June 22 is the Feast of one of our greatest saints: Thomas More.
St. Thomas More (1478-1535) was one of the most gifted men of his day. He entered Oxford at about age 15, was a brilliant scholar, writer, and lawyer (thereby showing that lawyers can get to heaven) was fluent in Greek, Latin and French, was schooled in mathematics and was an accomplished musician. By his early 20’s he was lecturing on St. Augustine’s City of God to some of the foremost minds of his day as well as rising rapidly through the ranks of his profession to become a prominent figure in English society.
More was a man of enormous personal integrity. On one occasion, More opposed King Henry VII over his excessive taxation and won. A friend of the King’s told More that his boldness would have cost him his head but for the fact that he had not attacked the king in person. Still, Henry was so enraged with More that he imprisoned his father till he had made him pay a hundred pounds fine.
More wrestled for some time as a young man with the question of his vocation to the priesthood. However, when it became clear to him that this was not his calling, he set earnestly to work on the vocation to which God was calling him: secular life and marriage. His first marriage was to Jane Colte, in 1505. Roper, his son-in-law, writes of his choice: “albeit his mind most served him to the second daughter, for that he thought her the fairest and best favoured, yet when he considered that it would be great grief and some shame also to the eldest to see her younger sister preferred before her in marriage, he then, of a certain pity, framed his fancy towards” the eldest of the three sisters. The union proved joyous; of it were born three daughters, Margaret, Elizabeth, and Cecilia, and a son, John.
Of the More household, friends and relatives provide us a delightful portrait. Thomas was known all his life as a merry man. His friend, the great scholar Erasmus, writes:
His countenance is in harmony with his character, being always expressive of an amiable joyousness, and even an incipient laughter and, to speak candidly, it is better framed for gladness than for gravity or dignity, though without any approach to folly or buffoonery. . . He is full of jokes and banter. No one is less led by the opinions of the crowd, yet no one departs less from common sense.
Besides making a happy home, More made it a holy and well educated one. He himself wore “a sharp shirt of hair next his skin, which he never left off wholly” (Cresacre More), and practiced a life of prayer and penance. More was a faithful Catholic who was careful to pass his faith on to his children, He also passed on his enormous learning to his children, including his daughters (a revolutionary thing in 16th Century England).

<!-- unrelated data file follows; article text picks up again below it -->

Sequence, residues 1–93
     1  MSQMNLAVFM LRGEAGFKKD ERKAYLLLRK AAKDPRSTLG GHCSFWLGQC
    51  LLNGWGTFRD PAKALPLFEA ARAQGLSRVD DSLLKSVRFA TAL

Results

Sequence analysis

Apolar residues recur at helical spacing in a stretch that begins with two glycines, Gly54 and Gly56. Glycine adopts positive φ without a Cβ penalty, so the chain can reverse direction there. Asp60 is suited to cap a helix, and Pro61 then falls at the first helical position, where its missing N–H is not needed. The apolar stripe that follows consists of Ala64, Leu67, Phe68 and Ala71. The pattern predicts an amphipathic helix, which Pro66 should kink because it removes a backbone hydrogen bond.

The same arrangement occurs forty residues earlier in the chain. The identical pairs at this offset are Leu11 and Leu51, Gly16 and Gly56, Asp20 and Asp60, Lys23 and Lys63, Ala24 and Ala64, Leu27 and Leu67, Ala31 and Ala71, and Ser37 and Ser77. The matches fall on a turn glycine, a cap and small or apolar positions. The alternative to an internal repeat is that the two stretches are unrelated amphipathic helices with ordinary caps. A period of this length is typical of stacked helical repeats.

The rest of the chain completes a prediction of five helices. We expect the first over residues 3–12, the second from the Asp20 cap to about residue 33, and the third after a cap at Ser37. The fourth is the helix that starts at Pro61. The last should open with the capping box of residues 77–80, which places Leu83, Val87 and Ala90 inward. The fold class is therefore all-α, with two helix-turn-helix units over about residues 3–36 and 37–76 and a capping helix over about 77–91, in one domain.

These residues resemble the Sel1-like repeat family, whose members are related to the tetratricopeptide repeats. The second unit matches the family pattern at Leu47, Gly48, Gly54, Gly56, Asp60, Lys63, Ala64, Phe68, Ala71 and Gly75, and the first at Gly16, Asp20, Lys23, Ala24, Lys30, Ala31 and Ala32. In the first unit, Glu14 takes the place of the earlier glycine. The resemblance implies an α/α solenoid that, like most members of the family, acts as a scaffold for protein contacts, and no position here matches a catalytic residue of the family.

Then, in 1511, Jane More died. Thomas remarried, choosing a widow, Alice Middleton, who was a good, ordinary soul without beauty or education; but was devoted to the care of More’s young children. They were not, by modern standards “compatible” personalities (she never understood his jokes). But theirs was a happy and holy marriage. And Thomas believed (as our Lord taught) that a valid marriage could not be dissolved.
Trouble was brewing, however. For Henry VIII ascended the throne of England. Henry heaped many honors on More and, in 1529, More was made Chancellor of England. But More had no illusions about the one whose favor he enjoyed. “If my head should win him a castle in France,” he said, “it should not fail to go.”
The crisis came a few months later. Henry’s wife of many years, Catherine of Aragon, had failed to produce an heir and Henry had fallen in love with Anne Boleyn. When Pope Clement VII, holding firm to Christ’s teaching on the indissolubility of marriage, refused to annul their valid marriage, Henry broke all ties with Rome, declared himself Supreme Head of the Church in England, divorced Catherine, and married Anne.
More resigned the chancellorship and was reduced to an income of 100 pounds a year. Seeking to avoid a public conflict with Henry he stayed away from Anne’s coronation. However, in March 1534, the Act of Succession was passed requiring an oath acknowledging the children of Henry and Anne as legitimate heirs to the throne, and repudiating “any foreign authority, prince or potentate.” More refused the oath, was jailed and pressured for the next year to give in. More gave no answer beyond declaring himself a faithful subject. In July, 1535, More was tried by a kangaroo court, accused by false witnesses of treason, found guilty and on July 6, beheaded, declaring himself, “the King’s good servant, but God’s first.”
More’s only “crime” was that he bore witness to Christ’s revelation that a valid marriage could not be dissolved and that the Church of Christ must not be divided. For this “treason” Henry beheaded, not only Thomas, but the truth about the Family and the English Church as well, inaugurating the culture of divorce which destroys so many families at this hour and the culture of revolt against Christ which has made such a spiritual desert of the postmodern world. Thomas More spoke truth to Henry’s power and paid with his life rather than forfeit his soul. But he not only died for the Faith and for the Family, he lived for it as well, giving to his own family a strong faith and a solid foundation in the teaching of the Church and in the best of human learning. Through that family, as well as through his life and death, he continued to bear witness to the whole of European culture long after his death. That is why Pope John Paul II says, “To bear witness to the inestimable value of the indissolubility and fidelity of marriage. is one of the most precious and most urgent tasks of couples in our time.”
St. Thomas More, pray for us.